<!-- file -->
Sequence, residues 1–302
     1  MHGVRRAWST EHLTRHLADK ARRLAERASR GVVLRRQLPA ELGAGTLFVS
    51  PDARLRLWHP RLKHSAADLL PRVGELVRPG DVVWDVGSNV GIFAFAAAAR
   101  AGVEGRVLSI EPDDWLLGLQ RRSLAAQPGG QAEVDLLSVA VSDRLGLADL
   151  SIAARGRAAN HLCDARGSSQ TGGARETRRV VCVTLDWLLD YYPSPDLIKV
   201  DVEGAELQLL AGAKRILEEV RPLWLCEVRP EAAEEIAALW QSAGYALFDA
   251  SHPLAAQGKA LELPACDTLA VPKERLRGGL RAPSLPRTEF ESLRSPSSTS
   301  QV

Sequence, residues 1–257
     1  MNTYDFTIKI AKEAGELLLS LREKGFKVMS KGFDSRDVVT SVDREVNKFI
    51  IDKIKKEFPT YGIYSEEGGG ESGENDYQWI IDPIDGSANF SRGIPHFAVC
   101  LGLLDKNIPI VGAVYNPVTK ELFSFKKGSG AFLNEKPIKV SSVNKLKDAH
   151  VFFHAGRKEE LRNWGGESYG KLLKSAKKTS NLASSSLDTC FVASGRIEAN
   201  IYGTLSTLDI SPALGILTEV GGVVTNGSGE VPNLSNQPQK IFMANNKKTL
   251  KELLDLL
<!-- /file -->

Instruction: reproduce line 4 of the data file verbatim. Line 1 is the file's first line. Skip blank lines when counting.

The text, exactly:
   101  AGVEGRVLSI EPDDWLLGLQ RRSLAAQPGG QAEVDLLSVA VSDRLGLADL